The Himalayas Kangchenjunga Sunset

The Himalayas

The Himalayas, the tall snow-capped and seemingly inaccessible summits that rise up into a cold breathless air from a land bathed in mystique and religious devotion; literally translated as ‘Abode of Snow’ the name applies to the great mountain system of Asia separating the Indian subcontinent from the Tibetan Plateau. Lifted by the subduction of the Indian tectonic plate, the Himalayan range runs north-west to south-east in an arc of over fifteen hundred miles from the peak of Nanga Parbat, 8,126m (26,661 ft) in northern Pakistan to Namcha Barwa, 7,782m (25,532 ft) in the state of Arunachal Pradesh in far eastern India. This core Himalaya is bordered on the north-west by the Karakoram which, in view of the significant number of tall mountains lying within this range, it is often included in what is loosely called the ‘Greater Himalaya’.

The Himalayas are spread across five countries: Nepal, India, Bhutan, China and Pakistan. The range has many of the world’s tallest peaks including the highest, Everest, standing at 8848m (28,029 ft). In addition there are thirteen other distinct peaks rising to above 8,000 metres (26,248 ft) and over fifty exceeding 7,200 metres (23,600 ft)., the highest of which in the Karakoram is K2, the world’s second highest mountain. The Himalayas have a profound influence on the climate of the region, preventing much of the monsoon rain the affects the Indian plains and foothills from reaching the Tibetan Plateau. Access to the Himalayas for mountaineers, photographers and tourists has improved considerably over the years via a network of new roads and an increase in the number of domestic airlines operating flights to the remoter areas such as Lukla in the Khumbu region of Nepal, Skardu in the Pakistan Karakoram, Bagdogra in northern India, Lhasa in Tibet and Gelephu in Bhutan.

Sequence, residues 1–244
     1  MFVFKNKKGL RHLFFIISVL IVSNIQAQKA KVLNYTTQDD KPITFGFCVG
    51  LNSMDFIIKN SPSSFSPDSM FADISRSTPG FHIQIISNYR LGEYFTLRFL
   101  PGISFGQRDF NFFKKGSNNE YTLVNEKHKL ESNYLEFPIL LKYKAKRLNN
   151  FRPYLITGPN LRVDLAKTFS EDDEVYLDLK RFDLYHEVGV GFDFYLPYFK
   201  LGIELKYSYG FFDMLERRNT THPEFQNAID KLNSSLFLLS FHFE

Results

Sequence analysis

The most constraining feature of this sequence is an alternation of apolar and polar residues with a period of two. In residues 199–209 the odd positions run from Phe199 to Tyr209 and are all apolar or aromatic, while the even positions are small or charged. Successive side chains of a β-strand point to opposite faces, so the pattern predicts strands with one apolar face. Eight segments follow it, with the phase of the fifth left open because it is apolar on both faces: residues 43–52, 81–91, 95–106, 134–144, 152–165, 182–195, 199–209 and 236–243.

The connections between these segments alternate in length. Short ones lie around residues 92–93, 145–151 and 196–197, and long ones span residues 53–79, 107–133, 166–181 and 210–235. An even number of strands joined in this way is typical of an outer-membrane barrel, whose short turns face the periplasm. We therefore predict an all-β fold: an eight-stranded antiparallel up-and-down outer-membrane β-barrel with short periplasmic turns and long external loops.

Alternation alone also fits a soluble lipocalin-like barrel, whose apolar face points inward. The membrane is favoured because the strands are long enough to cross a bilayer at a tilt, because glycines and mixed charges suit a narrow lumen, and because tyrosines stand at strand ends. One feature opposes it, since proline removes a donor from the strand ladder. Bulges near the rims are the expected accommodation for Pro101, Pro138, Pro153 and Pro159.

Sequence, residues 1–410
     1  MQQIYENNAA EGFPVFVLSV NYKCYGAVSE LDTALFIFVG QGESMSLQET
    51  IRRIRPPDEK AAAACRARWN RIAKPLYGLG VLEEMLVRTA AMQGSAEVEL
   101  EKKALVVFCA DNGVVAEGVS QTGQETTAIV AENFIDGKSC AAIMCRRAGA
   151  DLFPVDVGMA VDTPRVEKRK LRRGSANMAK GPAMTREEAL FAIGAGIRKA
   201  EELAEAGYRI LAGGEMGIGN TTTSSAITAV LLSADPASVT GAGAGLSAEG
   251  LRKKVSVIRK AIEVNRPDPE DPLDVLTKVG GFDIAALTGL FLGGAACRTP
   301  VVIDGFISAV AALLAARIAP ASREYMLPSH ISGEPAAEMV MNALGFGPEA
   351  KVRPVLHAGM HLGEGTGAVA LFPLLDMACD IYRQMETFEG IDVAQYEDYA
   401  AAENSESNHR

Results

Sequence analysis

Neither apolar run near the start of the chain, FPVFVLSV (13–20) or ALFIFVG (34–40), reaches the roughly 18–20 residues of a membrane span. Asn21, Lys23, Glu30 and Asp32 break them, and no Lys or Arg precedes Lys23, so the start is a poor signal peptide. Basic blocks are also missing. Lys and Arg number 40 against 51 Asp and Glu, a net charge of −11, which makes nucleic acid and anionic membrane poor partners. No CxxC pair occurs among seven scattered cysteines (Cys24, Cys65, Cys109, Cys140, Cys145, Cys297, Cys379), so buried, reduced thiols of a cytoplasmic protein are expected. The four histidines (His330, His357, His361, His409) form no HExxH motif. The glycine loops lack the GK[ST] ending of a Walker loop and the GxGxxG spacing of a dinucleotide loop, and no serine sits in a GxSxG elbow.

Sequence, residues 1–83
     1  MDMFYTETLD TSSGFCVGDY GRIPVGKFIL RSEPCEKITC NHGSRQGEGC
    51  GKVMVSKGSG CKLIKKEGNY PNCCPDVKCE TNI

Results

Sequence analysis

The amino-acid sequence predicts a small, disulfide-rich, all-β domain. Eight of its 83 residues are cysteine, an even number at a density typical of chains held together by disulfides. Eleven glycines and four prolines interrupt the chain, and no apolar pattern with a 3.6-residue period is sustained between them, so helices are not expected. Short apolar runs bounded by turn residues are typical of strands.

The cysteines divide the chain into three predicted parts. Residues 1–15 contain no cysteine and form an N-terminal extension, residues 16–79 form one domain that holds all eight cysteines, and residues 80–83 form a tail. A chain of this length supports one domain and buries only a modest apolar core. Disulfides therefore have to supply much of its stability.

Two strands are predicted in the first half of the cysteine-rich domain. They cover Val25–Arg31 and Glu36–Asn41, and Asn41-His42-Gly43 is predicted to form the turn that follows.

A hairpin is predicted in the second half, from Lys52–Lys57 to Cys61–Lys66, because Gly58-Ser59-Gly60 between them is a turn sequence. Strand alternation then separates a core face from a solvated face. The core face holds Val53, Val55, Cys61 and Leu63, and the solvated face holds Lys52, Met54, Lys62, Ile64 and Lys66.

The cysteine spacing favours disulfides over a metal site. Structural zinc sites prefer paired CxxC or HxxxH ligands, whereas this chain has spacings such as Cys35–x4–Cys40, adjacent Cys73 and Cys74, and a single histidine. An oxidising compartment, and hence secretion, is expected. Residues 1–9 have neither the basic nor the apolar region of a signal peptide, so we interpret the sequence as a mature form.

The collection of images exhibited here have been captured from a wide variety of locations scattered across most of the Himalayan countries mentioned earlier. Nepal, on whose borders stand no less than eight of the world’s highest peaks, features heavily for that very reason. The Karakoram Himalaya which contains the highest concentration of the world’s 7,000 metre peaks is also given prominence.

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